The glass ceiling extends even over white collar criminals, it seems: women typically hold inferior positions to men in the criminal conspiracies in which they are engaged, rarely lead a fraud ring and make significantly less money from their misdeeds than their male accomplices.

According to sociologist Darrel J. Steffensmeier of Pennsylvania State University, “Paralleling gendered labor market segmentation…sex segregation in corporate criminality is pervasive, suggesting only subtle shifts in gender socialization and women’s opportunities for significant white-collar crimes,’ he writes with his research colleagues in the journal American Sociological Review.

Read the Report: Gender and Twenty-First-Century Corporate Crime: Female Involvement and the Gender Gap in Enron-Era Corporate Frauds

Steffensmeier and his team studied the involvement of women in recent corporate frauds using a unique database created by the federal government following the multi-billion dollar Enron scandal in 2001, according to a Pew Research article.

In a data set of 83 fraud cases and 436 defendants (2002-2009), only 37 women were indicted in connection with these corporate frauds – only nine percent of all offenders.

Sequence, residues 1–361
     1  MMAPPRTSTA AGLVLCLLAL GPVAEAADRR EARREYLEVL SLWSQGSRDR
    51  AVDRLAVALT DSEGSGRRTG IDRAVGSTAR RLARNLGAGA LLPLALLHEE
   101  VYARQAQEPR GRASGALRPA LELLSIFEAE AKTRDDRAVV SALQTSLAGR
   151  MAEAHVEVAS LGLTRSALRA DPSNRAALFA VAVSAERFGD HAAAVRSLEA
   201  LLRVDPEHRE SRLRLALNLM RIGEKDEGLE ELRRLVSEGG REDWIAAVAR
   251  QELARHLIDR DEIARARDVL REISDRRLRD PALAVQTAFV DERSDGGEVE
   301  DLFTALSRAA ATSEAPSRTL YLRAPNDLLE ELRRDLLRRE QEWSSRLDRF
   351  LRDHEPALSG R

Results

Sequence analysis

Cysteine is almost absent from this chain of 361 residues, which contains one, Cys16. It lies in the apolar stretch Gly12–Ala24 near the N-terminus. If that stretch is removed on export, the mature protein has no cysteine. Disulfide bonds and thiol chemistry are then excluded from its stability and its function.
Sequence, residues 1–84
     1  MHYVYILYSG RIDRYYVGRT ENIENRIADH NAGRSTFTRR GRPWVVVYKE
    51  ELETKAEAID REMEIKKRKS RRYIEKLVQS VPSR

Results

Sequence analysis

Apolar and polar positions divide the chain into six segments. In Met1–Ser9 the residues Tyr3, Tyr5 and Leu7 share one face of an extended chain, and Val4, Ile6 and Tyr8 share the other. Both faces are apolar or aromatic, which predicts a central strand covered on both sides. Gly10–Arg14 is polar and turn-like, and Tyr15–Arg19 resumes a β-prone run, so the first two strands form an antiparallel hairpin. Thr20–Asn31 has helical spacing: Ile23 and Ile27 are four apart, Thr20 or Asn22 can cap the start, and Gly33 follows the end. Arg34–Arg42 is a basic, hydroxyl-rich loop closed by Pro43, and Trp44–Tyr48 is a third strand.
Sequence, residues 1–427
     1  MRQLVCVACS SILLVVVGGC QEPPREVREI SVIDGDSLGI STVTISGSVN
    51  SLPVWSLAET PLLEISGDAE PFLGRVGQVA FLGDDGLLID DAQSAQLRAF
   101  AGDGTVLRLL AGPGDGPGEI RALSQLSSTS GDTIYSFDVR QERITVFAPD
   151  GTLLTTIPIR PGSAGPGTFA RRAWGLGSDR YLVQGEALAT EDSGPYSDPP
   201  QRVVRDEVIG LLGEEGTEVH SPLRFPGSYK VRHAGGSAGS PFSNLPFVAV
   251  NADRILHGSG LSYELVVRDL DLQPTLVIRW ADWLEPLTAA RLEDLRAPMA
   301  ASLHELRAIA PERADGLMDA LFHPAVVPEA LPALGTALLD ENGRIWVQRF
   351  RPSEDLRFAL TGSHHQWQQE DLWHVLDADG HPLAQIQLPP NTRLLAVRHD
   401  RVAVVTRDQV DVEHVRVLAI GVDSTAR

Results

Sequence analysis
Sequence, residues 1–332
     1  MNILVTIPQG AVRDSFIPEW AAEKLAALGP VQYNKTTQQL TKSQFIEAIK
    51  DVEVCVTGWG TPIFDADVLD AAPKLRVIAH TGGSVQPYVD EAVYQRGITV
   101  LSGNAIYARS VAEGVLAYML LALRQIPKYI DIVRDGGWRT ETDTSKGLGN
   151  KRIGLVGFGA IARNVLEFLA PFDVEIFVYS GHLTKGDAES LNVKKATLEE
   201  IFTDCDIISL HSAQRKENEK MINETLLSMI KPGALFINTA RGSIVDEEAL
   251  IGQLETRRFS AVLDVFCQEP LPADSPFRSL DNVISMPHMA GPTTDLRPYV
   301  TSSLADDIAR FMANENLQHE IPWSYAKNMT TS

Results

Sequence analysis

Women in these conspiracies also occupied lower rungs of the corporate ladder (accounting or finance positions) and played secondary roles in the conspiracy. Only eight percent of the female offenders were in top management, and 30 percent were in upper-level positions.

Only three women were identified as the conspiracy’s “ringleader,” compared to 156 men. Only one of those women was not married to another ringleader, the article reports.

Also, 56 percent of the women involved did not personally profit from the fraud. Some women committed their frauds to help save the company look better than it was or avoid bankruptcy. Others said they knowingly committed illegal acts because they were instructed to do so by a superior.